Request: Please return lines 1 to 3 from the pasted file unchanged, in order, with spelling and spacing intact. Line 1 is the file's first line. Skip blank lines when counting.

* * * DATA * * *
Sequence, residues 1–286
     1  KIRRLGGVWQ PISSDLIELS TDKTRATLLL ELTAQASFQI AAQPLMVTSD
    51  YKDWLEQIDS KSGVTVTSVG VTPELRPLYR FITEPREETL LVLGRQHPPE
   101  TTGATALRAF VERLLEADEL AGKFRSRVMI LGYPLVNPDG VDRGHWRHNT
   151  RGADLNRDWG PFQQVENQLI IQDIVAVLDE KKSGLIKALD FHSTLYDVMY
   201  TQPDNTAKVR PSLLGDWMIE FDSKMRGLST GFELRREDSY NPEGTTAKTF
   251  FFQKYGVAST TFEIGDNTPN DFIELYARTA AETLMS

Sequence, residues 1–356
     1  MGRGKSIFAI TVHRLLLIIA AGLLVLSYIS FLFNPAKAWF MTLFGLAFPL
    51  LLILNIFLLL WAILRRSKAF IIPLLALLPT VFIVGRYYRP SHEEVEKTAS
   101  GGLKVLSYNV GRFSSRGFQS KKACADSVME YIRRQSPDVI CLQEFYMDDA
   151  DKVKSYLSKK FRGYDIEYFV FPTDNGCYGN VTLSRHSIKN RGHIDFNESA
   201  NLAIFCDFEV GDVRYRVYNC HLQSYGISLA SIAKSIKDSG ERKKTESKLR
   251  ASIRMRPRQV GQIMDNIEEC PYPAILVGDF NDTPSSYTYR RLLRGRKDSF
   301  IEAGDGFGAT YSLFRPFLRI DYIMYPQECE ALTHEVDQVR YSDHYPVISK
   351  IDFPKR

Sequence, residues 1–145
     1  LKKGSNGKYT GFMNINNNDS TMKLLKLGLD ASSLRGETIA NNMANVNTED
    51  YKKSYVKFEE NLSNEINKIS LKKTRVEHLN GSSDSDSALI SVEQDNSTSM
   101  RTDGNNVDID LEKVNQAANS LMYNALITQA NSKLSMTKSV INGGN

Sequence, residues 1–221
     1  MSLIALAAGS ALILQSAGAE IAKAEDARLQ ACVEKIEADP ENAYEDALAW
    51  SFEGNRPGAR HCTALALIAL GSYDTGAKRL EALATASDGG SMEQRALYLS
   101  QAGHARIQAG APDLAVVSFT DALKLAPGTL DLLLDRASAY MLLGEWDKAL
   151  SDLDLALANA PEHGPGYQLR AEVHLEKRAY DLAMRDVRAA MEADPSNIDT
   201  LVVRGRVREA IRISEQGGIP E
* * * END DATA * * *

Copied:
Sequence, residues 1–286
     1  KIRRLGGVWQ PISSDLIELS TDKTRATLLL ELTAQASFQI AAQPLMVTSD
    51  YKDWLEQIDS KSGVTVTSVG VTPELRPLYR FITEPREETL LVLGRQHPPE